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What is Blood Dyscrasia?

Tricia Christensen
Updated Mar 03, 2024
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Blood dyscrasia typically refers to a blood disorder where one part of the blood is not present in normal supply. The different constituents of blood like platelets, or white or red blood cells could be too high or too low in counts. It’s worth noting that sometimes the blood disease has to do with interference in the way blood normally works, such as in clotting diseases caused by missing proteins, like in von Willebrand’s disease, where needed proteins to cause blood clotting are not available as normal. Thus, when abnormal function of blood or its components is present, people are thought to have a blood dyscrasia, and dyscrasia can be thought of as synonymous with disease.

There are many different types of this condition. As mentioned, von Willebrand’s disease occurs when there are poor amounts of the proteins that form blood clots. Another serious illness like this is hemophilia. Similar to blood clotting diseases affecting proteins are those that affect the platelets. Various forms thrombocytopenia or low platelet count can cause serious decrease in platelet production, which may also result in excessive bleeding. Thrombocytopenia can be induced by treatments like chemotherapy or by illness, and it can occasionally be a congenital condition.

Blood dyscrasia can refer to diseases that affect white blood cells. Some of these are extremely serious, like leukemia. A blood disorder of this type may need a variety of interventions in order to try to produce cure, and very serious forms of leukemia can be difficult or impossible to treat.

Other forms of this conditions are found in red blood cell diseases. Sickle cell anemia is one of these, and is a painful and difficult condition that can affect children early on. Many different types of anemia are discrasias. A person could have mild anemia or a low red blood cell count as a result of serious bleeding, for example hemorrhaging. Alternately, some lifelong conditions interfere with the appropriate production of red cells and may need to be treated by various means.

Given the different types of blood dyscrasia or the many expressions of blood diseases, discussion of treatment or outcome is challenging. A transient disorder might be fixed easily, and a lifelong disorder may have treatment that is of use. Usually the only way to determine how to address a blood disorder is to see a skilled physician, have blood levels tested and with that, the physician make determinations on best treatment. Treatments could include medicines, transfusion of blood products, chemotherapy, or even bone marrow transplant, but it all depends on what dyscrasia is present.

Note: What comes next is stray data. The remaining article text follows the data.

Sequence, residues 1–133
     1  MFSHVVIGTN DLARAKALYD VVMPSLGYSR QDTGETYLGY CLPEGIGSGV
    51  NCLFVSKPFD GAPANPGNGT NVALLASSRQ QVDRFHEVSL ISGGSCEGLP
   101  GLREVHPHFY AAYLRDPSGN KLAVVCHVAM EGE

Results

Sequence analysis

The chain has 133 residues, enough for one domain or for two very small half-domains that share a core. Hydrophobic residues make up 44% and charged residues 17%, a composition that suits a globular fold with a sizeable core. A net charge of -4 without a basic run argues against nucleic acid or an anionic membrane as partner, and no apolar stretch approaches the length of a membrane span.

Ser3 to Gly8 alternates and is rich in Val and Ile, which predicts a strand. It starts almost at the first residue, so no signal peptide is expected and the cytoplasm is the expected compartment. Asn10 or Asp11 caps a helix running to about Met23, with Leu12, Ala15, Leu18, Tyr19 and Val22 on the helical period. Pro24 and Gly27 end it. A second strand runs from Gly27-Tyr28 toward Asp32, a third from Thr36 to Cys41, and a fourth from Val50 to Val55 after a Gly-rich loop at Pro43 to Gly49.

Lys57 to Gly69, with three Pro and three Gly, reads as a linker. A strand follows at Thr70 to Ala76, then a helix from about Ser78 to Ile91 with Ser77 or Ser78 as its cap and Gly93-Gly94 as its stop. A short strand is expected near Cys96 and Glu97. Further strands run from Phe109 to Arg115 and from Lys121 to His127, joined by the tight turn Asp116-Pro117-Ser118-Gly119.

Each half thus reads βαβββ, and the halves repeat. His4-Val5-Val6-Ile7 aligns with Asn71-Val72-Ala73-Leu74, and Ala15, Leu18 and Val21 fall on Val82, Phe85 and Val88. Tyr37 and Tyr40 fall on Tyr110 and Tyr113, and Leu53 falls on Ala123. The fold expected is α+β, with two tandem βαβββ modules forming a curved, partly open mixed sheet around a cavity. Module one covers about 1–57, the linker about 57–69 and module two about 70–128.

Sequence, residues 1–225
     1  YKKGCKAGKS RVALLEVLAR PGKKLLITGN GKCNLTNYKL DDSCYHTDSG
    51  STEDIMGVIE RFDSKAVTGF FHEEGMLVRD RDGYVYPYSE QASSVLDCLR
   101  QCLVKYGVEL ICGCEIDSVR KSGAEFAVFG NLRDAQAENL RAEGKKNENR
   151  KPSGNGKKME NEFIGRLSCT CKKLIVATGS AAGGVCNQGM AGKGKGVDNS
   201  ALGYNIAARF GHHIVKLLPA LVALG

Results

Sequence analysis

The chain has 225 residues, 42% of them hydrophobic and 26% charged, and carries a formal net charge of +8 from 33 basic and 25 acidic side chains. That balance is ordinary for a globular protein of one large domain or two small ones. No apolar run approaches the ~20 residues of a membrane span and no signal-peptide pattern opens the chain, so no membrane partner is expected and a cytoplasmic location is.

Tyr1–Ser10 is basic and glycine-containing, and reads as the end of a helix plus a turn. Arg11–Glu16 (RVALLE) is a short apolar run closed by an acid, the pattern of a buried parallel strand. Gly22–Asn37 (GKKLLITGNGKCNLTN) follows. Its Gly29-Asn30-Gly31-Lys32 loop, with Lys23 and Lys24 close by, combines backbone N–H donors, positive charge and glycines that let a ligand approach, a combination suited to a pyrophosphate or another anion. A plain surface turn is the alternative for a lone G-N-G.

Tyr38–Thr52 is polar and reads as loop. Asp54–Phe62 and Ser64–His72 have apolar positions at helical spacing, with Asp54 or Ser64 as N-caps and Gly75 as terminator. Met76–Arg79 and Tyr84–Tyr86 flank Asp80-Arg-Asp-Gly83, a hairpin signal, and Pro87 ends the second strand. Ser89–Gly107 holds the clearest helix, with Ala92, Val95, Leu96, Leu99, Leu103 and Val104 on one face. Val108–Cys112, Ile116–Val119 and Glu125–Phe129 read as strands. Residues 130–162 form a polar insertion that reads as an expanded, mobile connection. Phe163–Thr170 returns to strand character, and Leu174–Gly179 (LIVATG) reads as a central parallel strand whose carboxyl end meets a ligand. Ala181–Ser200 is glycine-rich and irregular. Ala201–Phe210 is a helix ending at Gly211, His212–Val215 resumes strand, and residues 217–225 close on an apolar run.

The Health Board is dedicated to providing accurate and trustworthy information. We carefully select reputable sources and employ a rigorous fact-checking process to maintain the highest standards. To learn more about our commitment to accuracy, read our editorial process.
Tricia Christensen
By Tricia Christensen
With a Literature degree from Sonoma State University and years of experience as a The Health Board contributor, Tricia Christensen is based in Northern California and brings a wealth of knowledge and passion to her writing. Her wide-ranging interests include reading, writing, medicine, art, film, history, politics, ethics, and religion, all of which she incorporates into her informative articles. Tricia is currently working on her first novel.
Discussion Comments
By DantheMan — On Apr 10, 2011

@luckydove- I think the drug you are talking about is Zonegran. If that is the one you are talking about it can cause that problem, as well as Lupus and problems with the clotting factors in the blood. The good news is that these are all considered rare side effects and are less likely to harm your sister than unchecked seizures. Have her express her concerns to her doctors, all drugs have side effects and you have to weigh them against the benefits of the medications.

By LuckyDove — On Apr 09, 2011

My sister was just put on a new medication to help treat seizures. The doctor told her that one of the possible side effects could be blood dyscrasias. After reading this article the chance of that happening really worries me. Does anyone know more about this drug and what else it might do to her?

By dtortorelli — On Apr 07, 2011

@anon121690- I am not a doctor, but is sounds like they are saying that they found a lot more red marrow than they expected. It sounds like they suspect some sort of dyscrasias to be the reason for this. I would ask them very specifically to explain it to you.

By anon121690 — On Oct 25, 2010

This is the findings from an MRI I had in 1995. Please explain in layman's terms what this means.

"There is a lack of fatty marrow throughout the lumbar spine on all sequences suggesting that the red marrow dominates which is somewhat unusual in this age group unless the patient has some type of blood dyscrasia stimulating extra hematopoiesis". I am 65 years old now.

Tricia Christensen
Tricia Christensen
With a Literature degree from Sonoma State University and years of experience as a The Health Board contributor, Tricia...
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